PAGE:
By Chris Hendrickson, Valley News
Most parents are probably used to their kids coming home from school and asking to play on the soccer or baseball team. But parents whose children attend Sultan Elementary School might get a different sort of request. Their kids may want to join the unicycle team.
Sultan Elementary School’s Cougars on Wheels unicycle club is currently 107 kids strong, which is about one fifth of the student body. The unicycle team is facilitated by first-grade teacher Dee Clarke and physical education instructor Bob Crichton who are both unicyclists themselves, and have been coaching the team since January of 2000. The team practices in the Sultan Elementary School gym three days per week.
“When Bob and I started we had, I think, five kids, and now we have over a hundred every year,” said Clarke.
After a child is able to ride across the gym unassisted, he or she can become a member of the team. At that point they are able to achieve different skill levels based on their ability to perform specific tasks that increase in number and in difficulty.
To become a Level One, the student must be able to mount the unicycle unassisted, ride 50 meters, and dismount gracefully with the unicycle in front of them. Once they have demonstrated these abilities to Clarke and Crichton, they are able to begin working towards becoming a Level Two, which includes additional skills.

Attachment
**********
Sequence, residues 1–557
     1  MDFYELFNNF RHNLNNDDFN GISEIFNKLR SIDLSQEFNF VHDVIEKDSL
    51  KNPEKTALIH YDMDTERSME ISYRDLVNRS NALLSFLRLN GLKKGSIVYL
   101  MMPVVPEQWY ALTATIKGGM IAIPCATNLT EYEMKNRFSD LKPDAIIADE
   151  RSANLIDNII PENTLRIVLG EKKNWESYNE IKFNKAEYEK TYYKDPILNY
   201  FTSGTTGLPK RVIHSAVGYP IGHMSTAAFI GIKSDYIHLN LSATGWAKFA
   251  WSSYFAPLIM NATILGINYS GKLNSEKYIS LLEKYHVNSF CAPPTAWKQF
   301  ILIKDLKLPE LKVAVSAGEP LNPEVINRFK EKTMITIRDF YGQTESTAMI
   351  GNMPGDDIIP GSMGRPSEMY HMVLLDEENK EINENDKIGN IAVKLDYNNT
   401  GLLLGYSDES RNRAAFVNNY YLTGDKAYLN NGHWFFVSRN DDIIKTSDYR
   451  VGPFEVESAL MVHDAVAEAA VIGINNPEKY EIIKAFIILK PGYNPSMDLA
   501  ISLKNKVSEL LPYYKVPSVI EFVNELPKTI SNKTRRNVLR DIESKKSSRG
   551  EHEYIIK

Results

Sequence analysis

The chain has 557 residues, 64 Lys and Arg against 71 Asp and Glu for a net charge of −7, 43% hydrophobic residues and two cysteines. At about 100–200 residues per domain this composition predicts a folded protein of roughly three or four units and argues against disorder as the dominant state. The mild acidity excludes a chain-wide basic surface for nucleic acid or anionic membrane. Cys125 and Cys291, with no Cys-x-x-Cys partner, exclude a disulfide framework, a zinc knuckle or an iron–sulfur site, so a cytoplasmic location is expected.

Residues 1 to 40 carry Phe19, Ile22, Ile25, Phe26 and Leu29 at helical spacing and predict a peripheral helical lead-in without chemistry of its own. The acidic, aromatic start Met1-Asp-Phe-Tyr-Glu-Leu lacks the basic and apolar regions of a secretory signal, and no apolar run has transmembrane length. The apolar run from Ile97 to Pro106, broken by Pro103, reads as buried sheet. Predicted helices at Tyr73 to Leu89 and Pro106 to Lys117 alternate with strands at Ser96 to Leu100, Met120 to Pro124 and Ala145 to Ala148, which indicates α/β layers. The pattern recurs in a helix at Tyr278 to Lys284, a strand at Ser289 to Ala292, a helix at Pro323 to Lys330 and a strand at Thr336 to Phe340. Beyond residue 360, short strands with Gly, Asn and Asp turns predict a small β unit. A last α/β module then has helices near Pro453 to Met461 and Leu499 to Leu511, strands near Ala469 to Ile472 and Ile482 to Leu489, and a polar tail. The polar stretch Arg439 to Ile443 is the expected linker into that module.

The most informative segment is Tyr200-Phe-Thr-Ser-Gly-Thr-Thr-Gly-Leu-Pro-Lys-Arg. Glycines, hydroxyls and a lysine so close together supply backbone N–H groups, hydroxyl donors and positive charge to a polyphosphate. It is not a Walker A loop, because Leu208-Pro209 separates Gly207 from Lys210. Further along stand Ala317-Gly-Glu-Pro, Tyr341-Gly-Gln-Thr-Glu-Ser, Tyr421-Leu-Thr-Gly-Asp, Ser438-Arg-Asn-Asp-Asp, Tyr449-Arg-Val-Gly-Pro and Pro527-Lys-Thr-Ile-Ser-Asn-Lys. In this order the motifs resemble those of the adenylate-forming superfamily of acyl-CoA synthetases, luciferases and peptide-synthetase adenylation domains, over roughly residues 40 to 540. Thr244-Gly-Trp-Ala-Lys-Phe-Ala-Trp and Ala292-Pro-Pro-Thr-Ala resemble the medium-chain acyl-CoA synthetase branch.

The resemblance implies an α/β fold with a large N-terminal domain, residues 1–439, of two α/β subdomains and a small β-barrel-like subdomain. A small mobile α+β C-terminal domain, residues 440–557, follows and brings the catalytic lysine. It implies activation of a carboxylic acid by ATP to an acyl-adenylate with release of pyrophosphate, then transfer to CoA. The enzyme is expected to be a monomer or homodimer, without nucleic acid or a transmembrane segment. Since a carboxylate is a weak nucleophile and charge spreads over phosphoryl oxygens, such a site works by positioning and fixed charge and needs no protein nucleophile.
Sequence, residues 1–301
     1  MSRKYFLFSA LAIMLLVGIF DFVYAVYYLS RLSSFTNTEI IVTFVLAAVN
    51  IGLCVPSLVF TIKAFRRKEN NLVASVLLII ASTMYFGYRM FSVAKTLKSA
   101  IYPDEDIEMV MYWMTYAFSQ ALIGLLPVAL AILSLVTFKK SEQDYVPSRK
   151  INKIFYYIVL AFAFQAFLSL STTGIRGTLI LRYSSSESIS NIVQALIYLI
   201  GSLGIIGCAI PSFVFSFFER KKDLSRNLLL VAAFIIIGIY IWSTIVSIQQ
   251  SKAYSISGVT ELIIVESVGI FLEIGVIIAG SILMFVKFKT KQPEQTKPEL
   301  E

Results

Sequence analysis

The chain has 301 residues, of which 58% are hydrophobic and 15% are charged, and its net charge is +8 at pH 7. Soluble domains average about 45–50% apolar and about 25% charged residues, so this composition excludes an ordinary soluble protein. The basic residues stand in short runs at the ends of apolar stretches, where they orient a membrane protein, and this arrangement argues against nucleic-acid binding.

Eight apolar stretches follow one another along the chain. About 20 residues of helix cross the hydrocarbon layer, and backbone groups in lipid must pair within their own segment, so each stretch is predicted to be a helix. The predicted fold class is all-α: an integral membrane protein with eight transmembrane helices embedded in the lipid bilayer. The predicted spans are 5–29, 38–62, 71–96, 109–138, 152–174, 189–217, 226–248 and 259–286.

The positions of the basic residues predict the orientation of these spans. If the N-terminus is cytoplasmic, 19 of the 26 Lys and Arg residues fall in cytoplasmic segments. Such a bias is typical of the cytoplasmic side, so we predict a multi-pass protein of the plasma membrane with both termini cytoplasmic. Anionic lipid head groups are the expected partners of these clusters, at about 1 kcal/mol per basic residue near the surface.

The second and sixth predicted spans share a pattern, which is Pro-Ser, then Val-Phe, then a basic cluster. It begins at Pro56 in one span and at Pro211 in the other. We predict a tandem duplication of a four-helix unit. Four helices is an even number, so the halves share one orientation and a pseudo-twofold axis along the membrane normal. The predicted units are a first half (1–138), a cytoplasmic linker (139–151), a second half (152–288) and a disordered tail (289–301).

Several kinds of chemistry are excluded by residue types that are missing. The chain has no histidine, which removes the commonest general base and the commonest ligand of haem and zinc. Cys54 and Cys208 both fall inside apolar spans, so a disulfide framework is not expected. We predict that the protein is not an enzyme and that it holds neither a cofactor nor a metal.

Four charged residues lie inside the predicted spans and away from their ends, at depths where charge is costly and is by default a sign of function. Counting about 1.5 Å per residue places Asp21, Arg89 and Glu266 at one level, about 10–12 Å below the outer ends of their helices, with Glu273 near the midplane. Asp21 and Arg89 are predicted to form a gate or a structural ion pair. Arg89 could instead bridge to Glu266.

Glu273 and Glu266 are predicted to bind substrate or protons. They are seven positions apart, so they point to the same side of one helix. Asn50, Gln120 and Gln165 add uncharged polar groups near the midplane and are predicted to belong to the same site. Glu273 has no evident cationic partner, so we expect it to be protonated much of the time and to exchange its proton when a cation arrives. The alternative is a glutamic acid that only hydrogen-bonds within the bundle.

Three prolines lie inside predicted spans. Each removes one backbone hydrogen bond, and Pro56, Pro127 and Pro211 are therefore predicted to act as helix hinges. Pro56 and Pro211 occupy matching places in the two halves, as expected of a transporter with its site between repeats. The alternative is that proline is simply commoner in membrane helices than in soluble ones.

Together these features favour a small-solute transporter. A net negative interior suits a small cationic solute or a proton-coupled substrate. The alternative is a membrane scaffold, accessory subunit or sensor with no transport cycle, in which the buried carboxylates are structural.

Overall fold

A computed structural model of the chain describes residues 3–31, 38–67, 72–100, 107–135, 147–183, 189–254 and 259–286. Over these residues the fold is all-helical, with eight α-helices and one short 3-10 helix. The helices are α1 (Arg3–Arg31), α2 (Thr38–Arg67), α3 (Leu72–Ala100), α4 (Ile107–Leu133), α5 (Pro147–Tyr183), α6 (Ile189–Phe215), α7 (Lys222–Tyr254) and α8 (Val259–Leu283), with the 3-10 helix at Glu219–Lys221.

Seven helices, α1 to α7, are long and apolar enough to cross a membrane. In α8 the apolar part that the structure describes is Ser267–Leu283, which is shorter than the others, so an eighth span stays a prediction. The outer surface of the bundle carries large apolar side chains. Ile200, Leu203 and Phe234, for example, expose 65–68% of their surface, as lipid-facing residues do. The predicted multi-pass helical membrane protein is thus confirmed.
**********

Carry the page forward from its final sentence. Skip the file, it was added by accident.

The system, which includes levels one through 10, has been standardized by the Unicycling Society of America.
The kids are always working towards a goal and there are incentives along the way; as they rise in skill level, they become eligible to ride different types of unicycles.
Fifth-grade student Keely Venable has completed almost all of the tasks required to become a Level Three, at which point she’ll be able work towards becoming a Level Four.
“All I have to do is hop five times and that’s what I’ve been practicing,” said Venable. She also explained that, once she’s a Level Three, she becomes eligible to ride on a more challenging type of unicycle.
“Then I can ride a giraffe,” said Venable.
A giraffe is a tall-style unicycle that can be 12 feet tall or more.
She talks about the things she likes the best about being on the unicycle team.
“I think my favorite thing to do is ride on my stomach,” said Venable. “It’s pretty fun. I like to pretend that I’m flying.”
Venable rides seamlessly across the gym, demonstrating her preferred method of unicycle riding.
At Wednesday afternoon practice, the first hour of which is reserved for riders Level Two and up, the gym is full of whirling unicycles as kids happily race around on one wheel. Some kids are working on their skill levels, practicing specific tasks that will enable them to level up. Other kids simply ride. The thing they have in common is that they all seem to be having a great time.
The unicycle team meets throughout the school year, and they participate in many different events. They continue to practice a few weeks into the summer to help the team prepare for riding in Sultan’s annual Shindig parade which is held every year during the second weekend in July.
The semi-monthly events stay consistent throughout each school year and include team events in which the kids get to perform on their unicycles at assemblies and sports games, and also special events exclusive to the kids on the unicycle team. They get to ride their unicycles around Green Lake, have a sleepover in the school gym with a pancake breakfast, and participate in a jamboree that is usually held in June.